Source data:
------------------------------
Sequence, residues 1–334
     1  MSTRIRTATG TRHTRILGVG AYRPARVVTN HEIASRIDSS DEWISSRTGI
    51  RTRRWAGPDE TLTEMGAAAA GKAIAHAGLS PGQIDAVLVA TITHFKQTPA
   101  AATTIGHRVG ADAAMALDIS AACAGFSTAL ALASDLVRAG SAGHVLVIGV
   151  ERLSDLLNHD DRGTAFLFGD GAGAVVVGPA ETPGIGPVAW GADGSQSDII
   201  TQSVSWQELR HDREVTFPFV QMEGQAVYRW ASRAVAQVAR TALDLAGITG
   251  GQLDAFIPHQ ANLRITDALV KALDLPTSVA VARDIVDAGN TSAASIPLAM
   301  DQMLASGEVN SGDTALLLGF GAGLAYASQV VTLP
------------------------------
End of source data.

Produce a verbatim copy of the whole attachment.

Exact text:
Sequence, residues 1–334
     1  MSTRIRTATG TRHTRILGVG AYRPARVVTN HEIASRIDSS DEWISSRTGI
    51  RTRRWAGPDE TLTEMGAAAA GKAIAHAGLS PGQIDAVLVA TITHFKQTPA
   101  AATTIGHRVG ADAAMALDIS AACAGFSTAL ALASDLVRAG SAGHVLVIGV
   151  ERLSDLLNHD DRGTAFLFGD GAGAVVVGPA ETPGIGPVAW GADGSQSDII
   201  TQSVSWQELR HDREVTFPFV QMEGQAVYRW ASRAVAQVAR TALDLAGITG
   251  GQLDAFIPHQ ANLRITDALV KALDLPTSVA VARDIVDAGN TSAASIPLAM
   301  DQMLASGEVN SGDTALLLGF GAGLAYASQV VTLP